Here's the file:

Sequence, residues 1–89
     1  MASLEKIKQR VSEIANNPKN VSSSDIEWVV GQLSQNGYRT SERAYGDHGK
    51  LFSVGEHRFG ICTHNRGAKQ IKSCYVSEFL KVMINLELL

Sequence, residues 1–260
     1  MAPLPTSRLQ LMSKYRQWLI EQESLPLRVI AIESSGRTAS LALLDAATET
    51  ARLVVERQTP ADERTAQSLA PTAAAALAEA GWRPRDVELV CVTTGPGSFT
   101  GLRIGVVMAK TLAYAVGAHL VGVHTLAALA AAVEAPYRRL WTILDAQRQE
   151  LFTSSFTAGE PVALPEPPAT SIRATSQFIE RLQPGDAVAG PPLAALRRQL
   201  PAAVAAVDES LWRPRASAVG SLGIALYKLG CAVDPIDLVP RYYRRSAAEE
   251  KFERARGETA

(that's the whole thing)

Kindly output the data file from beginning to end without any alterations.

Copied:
Sequence, residues 1–89
     1  MASLEKIKQR VSEIANNPKN VSSSDIEWVV GQLSQNGYRT SERAYGDHGK
    51  LFSVGEHRFG ICTHNRGAKQ IKSCYVSEFL KVMINLELL

Sequence, residues 1–260
     1  MAPLPTSRLQ LMSKYRQWLI EQESLPLRVI AIESSGRTAS LALLDAATET
    51  ARLVVERQTP ADERTAQSLA PTAAAALAEA GWRPRDVELV CVTTGPGSFT
   101  GLRIGVVMAK TLAYAVGAHL VGVHTLAALA AAVEAPYRRL WTILDAQRQE
   151  LFTSSFTAGE PVALPEPPAT SIRATSQFIE RLQPGDAVAG PPLAALRRQL
   201  PAAVAAVDES LWRPRASAVG SLGIALYKLG CAVDPIDLVP RYYRRSAAEE
   251  KFERARGETA